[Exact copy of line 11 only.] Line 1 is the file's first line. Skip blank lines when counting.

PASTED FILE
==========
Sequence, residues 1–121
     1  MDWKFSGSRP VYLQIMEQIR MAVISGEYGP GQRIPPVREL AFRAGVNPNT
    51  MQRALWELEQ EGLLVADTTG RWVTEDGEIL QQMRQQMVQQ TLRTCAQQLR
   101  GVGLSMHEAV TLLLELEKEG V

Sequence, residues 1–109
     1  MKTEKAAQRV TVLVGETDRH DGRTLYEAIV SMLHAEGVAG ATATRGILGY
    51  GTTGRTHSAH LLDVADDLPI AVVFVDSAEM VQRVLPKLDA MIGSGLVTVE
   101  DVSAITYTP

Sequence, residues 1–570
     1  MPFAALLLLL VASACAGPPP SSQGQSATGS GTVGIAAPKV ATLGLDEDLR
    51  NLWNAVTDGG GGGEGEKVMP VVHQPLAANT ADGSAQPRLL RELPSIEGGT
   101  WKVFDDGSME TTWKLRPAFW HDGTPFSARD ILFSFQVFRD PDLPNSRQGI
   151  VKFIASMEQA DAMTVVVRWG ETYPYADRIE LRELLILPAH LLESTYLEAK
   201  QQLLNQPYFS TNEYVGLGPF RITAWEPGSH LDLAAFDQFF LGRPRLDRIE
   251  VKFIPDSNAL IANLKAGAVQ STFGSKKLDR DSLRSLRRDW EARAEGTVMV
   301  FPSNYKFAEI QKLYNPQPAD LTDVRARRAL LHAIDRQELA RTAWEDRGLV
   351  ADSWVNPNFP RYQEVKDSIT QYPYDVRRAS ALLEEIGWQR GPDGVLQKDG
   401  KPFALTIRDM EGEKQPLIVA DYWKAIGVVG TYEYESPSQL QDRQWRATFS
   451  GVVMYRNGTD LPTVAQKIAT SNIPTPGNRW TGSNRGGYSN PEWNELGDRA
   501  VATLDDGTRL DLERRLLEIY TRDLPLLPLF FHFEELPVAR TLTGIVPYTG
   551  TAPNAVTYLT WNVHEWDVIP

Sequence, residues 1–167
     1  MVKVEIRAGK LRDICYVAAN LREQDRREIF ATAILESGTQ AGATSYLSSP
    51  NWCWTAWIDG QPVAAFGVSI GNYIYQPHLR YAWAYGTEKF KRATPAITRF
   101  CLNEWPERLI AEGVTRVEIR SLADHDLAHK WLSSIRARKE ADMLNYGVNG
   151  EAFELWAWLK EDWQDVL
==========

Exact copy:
    51  NLWNAVTDGG GGGEGEKVMP VVHQPLAANT ADGSAQPRLL RELPSIEGGT